An Unlikely Hiker?

Challenging the image of an average hiker!

“The switchbacks repeated themselves so many times I couldn’t tell what progress I’d made, but there it was, the last one before the crest…”

I really identify with Bruso, who calls herself and “unlikely hiker”. In her 20s she was wholly uninterested in the outdoors. In the years since, she’s has become an avid hiker who works tirelessly to challenge the mainstream’s idea of who recreates outside.

Like Bruso, CityGirl did not grow up recreating in national parks and forests. “We didn’t like the dirt, the bugs or feeling uncomfortable,” she says. “We would much rather watch TV or ride our bikes around the neighborhood.”

At 40 I hiked Angel’s Landing at Zion National Park. I echo Bruso’s sentiments: “As tough of a time as I was having, I was not immune to how beautiful things were and how they sort of sunk into me”. She marveled at the smell of the forest in the summer sun, the sight of fiery wild rhododendrons. On every hike I take I feel the same way.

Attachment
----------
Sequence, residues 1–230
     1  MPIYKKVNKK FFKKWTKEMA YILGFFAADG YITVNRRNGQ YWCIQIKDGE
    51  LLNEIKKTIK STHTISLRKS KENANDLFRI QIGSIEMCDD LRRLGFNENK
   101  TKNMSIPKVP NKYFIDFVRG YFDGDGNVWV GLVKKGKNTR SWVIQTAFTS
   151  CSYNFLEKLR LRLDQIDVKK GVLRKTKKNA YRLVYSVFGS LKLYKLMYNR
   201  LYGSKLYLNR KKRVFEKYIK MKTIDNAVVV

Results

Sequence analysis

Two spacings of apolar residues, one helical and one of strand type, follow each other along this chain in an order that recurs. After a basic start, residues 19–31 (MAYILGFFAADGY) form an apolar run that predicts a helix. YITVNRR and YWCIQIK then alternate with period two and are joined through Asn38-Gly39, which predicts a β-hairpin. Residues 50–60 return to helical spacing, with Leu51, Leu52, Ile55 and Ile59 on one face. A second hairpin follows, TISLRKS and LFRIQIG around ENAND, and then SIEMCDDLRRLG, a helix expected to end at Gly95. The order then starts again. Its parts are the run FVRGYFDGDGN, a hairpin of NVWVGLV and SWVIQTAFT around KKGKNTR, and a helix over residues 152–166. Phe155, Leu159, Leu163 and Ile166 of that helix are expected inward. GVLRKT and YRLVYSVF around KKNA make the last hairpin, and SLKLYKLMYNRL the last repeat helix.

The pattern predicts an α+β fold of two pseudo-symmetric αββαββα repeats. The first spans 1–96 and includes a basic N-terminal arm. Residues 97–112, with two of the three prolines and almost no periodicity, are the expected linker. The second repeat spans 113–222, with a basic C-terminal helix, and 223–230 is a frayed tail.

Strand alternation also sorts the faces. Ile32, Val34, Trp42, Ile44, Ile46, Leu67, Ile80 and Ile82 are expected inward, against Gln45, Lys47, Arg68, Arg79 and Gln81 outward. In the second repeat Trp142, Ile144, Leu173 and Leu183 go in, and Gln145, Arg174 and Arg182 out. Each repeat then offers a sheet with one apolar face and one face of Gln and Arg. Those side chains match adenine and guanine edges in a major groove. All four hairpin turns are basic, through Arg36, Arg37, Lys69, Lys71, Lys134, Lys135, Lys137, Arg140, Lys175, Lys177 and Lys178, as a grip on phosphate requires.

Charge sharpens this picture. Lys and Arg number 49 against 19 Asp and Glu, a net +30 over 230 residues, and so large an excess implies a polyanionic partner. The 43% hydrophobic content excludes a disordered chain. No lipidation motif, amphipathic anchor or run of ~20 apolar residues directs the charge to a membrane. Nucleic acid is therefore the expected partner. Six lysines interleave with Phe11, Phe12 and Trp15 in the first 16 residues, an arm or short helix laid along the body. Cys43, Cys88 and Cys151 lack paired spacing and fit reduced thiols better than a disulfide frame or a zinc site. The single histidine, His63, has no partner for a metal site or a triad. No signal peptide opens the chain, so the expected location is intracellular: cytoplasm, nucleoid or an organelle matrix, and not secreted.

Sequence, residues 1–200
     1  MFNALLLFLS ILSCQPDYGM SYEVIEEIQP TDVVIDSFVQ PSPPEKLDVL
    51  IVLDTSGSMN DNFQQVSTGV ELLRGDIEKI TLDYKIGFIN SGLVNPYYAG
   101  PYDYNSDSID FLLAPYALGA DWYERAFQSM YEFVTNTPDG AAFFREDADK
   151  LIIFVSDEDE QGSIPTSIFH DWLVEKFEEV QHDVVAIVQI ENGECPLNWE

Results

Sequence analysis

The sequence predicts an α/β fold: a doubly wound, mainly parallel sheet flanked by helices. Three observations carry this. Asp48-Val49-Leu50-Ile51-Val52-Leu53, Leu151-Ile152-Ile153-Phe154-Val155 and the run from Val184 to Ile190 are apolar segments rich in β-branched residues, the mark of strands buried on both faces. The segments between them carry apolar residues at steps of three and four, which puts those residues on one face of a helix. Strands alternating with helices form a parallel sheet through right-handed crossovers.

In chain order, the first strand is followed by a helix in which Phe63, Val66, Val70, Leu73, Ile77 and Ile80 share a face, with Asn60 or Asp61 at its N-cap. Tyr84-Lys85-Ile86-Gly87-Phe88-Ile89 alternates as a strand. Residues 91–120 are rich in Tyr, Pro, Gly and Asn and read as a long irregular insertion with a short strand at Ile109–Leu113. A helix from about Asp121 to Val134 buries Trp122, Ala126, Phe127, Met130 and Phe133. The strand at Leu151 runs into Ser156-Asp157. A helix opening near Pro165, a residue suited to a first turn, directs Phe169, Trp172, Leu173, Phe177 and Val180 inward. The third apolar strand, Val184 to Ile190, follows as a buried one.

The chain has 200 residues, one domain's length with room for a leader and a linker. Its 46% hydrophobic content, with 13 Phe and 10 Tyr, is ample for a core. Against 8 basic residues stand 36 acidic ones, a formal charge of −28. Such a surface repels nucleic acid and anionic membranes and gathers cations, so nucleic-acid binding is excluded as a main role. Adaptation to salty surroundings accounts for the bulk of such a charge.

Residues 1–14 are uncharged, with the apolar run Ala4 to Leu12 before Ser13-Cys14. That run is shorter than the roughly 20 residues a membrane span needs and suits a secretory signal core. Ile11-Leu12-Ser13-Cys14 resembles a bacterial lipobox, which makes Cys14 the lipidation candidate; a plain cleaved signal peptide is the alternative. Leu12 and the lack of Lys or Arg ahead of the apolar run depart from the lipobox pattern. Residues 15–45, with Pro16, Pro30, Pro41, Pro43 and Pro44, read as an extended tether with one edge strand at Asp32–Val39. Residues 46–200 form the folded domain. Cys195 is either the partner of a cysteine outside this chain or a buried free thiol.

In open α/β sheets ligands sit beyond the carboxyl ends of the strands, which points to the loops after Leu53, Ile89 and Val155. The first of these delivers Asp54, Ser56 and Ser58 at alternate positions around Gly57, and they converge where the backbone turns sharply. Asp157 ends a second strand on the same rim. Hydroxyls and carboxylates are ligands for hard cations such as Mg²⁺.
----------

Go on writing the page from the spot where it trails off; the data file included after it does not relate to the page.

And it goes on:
I’m still learning my limits and building up the stamina and strength it takes to hike strenuous trails. I’ve had two ACL surgeries so my hamstring muscles and tendons are weak and I suffer from Semimembranosus Tendinitis (due to a previous ACL repair surgery). That means I have to pay special attention to my body telling me I’ve done enough.

I’ve read up on and made investments in proper gear. I educate myself on the trails I want to do ahead of time so I know what to expect. Most of all I enjoy reaping the benefits of being an unlikely hiker. My spirituality and mental health both benefit from being out in the wild outdoors surrounded by creation.